A week ago I took part in a field trip in the Lance Rosier Unit of the Big Thicket Preserve conducted by the Big Thicket Association (BTA) of which I’m a member. This field trip is part of an ongoing project known as the “All Taxa Biodiversity Inventory” or ATBI. “The end goal of the project is to identify all the living organism within the park, map their distribution throughout the park, and get a general idea of how each species interacts with other species.” This is done by using a taxonomic working group or TWiG “that takes a certain set of organisms and attempts to build on previous survey work to accomplish the objectives mentioned above.” These types of projects have already yielded results. In November of 2006 while on a mushroom walk Dave P. Lewis and R.H. Petersen (both involved in the biodiversity inventory) discovered a new species of mushroom (Megacollybis texensis), that is, one that was previously unknown to science.
Many species of mushrooms were collected, but the one that got the most attention was the Hericium erinaceus. It has several common names- Lion’s Mane, Monkey Head, Pom-Pom, Bear’s Head Tooth, Old Man’s Beard, and Bearded Tooth. This football-sized edible "toothed" mushroom is found in late summer and fall growing on dead or living hardwoods, especially beech and oak.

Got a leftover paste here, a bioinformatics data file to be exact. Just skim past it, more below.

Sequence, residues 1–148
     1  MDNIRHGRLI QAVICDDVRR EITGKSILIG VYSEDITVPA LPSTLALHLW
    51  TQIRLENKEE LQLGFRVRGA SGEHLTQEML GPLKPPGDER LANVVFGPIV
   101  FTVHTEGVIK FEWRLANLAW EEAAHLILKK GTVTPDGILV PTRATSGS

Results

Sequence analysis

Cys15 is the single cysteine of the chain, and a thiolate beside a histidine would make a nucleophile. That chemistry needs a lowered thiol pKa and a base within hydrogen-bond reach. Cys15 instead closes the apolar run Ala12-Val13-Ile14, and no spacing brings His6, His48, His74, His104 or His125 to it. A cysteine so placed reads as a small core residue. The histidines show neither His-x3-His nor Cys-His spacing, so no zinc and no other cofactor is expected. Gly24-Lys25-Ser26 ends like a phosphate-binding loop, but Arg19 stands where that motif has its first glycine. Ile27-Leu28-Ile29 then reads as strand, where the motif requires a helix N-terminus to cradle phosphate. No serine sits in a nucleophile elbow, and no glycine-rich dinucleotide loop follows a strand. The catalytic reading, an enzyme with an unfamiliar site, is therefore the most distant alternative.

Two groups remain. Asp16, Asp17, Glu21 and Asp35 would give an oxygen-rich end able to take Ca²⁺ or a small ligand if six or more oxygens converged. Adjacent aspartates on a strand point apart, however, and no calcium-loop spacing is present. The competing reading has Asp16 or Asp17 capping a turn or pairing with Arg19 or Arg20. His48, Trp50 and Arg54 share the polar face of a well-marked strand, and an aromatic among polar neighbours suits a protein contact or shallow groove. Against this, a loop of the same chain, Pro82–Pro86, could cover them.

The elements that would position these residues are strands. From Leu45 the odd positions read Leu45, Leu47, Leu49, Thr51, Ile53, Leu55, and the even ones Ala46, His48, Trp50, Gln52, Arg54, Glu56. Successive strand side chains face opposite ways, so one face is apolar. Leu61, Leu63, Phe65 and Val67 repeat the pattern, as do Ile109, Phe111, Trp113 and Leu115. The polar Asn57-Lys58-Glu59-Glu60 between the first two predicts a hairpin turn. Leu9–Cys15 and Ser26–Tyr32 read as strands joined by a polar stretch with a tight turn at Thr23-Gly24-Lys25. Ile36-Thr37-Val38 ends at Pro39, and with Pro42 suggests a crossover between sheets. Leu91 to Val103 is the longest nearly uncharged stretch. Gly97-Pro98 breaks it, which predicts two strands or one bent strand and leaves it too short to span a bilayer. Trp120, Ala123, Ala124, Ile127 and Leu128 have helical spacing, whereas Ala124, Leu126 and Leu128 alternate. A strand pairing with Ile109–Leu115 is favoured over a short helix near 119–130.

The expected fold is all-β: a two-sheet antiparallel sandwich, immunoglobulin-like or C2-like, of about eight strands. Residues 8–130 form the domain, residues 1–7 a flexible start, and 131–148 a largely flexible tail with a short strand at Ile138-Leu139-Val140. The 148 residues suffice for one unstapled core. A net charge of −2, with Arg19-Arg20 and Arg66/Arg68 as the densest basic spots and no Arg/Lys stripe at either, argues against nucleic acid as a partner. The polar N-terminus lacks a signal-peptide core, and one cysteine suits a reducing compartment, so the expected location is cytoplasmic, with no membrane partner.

By the looks of it most wouldn’t even consider this to be a mushroom, much less eat it yet people were lined up to taste pieces of this odd looking fungus. Some said that it had a buttery taste to it. I myself not being a fungus eater obligingly declined.
NOTE: BEFORE CONSUMING ANY HARVESTED MUSHROOMS BE SURE YOU KNOW WHAT YOU'RE DOING. MISIDENTIFIED MUSHROOMS CAN LEAD TO SEVERE POISONING AND EVEN DEATH.